The tale of the tyrant and the flibbertigibbet 0

Glenn Beck asks:

Why did it take President Obama nine days to speak out against the atrocities taking place in Libya? After all, he immediately came out to condemn Mubarak when protesters spoke up in Egypt.

Jay Carney, the President’s new Press Secretary, explained, “This is just a scheduling issue. As I said, the president will meet with Secretary of State Clinton this afternoon, his regular meeting and they will obviously discuss Libya. He will have something to say at that meeting and it’s possible the president will speak this afternoon or tomorrow.”

Well, Obama finally did make one of his “let me be clear” speeches –  in which he never is clear – on what’s happening in Libya, without mentioning the name of the tyrant Gaddafi who’s trying to stop the revolution by having hundreds of protestors killed in the streets. But in the speech can be found, by suspicious minds like ours, the reason why he had to wait for nine days before he could say anything.

He had to wait until he knew what certain others thought about the issue. Which others? “The Arab League, the African Union, the Organization of the Islamic Conference*, and many individual nations.” (Oh, he also put in “the European Union”, perhaps to make the list look respectable.)

A list of those “individual nations” would be interesting, but we don’t expect to hear which they were. Russia? China? Probably the individual members of the Arab League, the African Union, and the Organization of the Islamic Conference.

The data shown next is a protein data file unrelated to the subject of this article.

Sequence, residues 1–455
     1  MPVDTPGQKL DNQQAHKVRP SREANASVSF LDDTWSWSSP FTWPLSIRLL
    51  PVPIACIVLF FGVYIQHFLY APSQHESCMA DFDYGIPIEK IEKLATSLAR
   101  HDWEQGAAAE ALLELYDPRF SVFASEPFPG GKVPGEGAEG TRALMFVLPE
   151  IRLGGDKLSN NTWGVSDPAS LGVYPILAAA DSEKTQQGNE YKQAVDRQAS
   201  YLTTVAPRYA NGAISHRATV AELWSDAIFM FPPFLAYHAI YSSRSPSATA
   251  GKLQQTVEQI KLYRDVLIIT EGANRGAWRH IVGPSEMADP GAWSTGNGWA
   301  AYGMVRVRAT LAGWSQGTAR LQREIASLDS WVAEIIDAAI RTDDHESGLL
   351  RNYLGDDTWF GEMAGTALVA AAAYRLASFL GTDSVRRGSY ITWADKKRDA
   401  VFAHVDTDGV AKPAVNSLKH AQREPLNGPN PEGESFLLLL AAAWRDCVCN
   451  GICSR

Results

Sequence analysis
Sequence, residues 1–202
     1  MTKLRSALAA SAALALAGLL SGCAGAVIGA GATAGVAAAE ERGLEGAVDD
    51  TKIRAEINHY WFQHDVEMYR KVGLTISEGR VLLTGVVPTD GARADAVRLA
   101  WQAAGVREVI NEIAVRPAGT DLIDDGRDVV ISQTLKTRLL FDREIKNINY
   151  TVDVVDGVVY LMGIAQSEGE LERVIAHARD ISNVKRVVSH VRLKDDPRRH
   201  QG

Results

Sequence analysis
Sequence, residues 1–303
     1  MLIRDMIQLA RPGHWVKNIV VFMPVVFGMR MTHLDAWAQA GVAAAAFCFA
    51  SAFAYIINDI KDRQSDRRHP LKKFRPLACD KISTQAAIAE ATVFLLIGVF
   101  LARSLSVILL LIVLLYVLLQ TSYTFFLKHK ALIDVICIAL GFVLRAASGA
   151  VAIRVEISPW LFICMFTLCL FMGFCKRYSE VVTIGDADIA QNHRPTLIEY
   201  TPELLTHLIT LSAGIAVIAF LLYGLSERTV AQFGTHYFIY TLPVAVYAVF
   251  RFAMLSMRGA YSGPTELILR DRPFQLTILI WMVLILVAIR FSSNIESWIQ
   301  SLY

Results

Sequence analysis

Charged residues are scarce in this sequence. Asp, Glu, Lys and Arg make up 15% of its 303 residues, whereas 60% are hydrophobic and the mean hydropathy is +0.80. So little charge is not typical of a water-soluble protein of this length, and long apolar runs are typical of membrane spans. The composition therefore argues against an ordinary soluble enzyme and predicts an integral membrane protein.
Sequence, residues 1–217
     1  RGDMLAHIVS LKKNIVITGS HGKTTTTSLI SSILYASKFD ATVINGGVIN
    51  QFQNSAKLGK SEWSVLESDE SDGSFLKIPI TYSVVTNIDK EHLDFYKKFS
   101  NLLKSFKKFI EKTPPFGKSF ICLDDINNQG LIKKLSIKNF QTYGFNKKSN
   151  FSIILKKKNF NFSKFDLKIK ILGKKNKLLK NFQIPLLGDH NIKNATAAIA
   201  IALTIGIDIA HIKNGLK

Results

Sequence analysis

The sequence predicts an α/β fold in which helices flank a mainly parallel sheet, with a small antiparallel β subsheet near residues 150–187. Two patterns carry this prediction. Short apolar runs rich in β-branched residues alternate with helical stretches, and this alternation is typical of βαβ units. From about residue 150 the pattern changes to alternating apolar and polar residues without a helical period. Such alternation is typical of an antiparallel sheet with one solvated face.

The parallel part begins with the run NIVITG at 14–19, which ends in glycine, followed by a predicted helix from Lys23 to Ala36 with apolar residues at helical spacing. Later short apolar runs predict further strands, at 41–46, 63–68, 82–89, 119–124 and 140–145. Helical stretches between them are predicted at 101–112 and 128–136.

The Washington Post, though its bias is generally towards Obama and the left, is not uncritical of the administration’s absence of a coherent foreign policy:

Jay Carney … is the mouthpiece of an administration that has painfully little to say. …

[But] the passivity wasn’t the fault of the new spokesman. He merely had the uncomfortable task of articulating a coherent policy in the absence of one.

What sort of leader is Obama then?

David Solway in a longish article trying to answer that question, arrives at this opinion:

There is no question that Obama is a man driven by a power pack of hard-left theories and preceptsYet when responding to sudden events whether at home or abroad, he has no settled mind, only impulses and inclinations. This explains why he is constantly backtracking in trying to explain his switchback itinerary and impetuous behavior …

But then Solway wonders:

Which Obama inspires greater uneasiness, the dedicated socialist or the vacillating flibbertigibbet?

When it comes to foreign affairs, look for the flibbertigibbet every time.

*For the leading role of the OIC in advancing the spread of Islam in the West, see our post Europe betrayed, February 11, 2010; and see The trusted envoy, February 20, 2010, for Obama’s appointment of a US representative to the organization.

Posted under Africa, Arab States, Commentary, Islam, Terrorism, tyranny, United States by Jillian Becker on Friday, February 25, 2011

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